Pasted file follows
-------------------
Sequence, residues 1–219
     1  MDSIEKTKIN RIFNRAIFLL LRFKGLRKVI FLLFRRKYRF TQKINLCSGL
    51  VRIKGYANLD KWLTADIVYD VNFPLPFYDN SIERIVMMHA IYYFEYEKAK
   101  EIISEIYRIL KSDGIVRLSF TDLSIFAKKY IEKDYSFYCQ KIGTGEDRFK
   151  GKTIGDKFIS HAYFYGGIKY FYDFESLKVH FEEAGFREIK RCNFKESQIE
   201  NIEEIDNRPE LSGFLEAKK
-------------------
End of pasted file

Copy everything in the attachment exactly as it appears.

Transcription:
Sequence, residues 1–219
     1  MDSIEKTKIN RIFNRAIFLL LRFKGLRKVI FLLFRRKYRF TQKINLCSGL
    51  VRIKGYANLD KWLTADIVYD VNFPLPFYDN SIERIVMMHA IYYFEYEKAK
   101  EIISEIYRIL KSDGIVRLSF TDLSIFAKKY IEKDYSFYCQ KIGTGEDRFK
   151  GKTIGDKFIS HAYFYGGIKY FYDFESLKVH FEEAGFREIK RCNFKESQIE
   201  NIEEIDNRPE LSGFLEAKK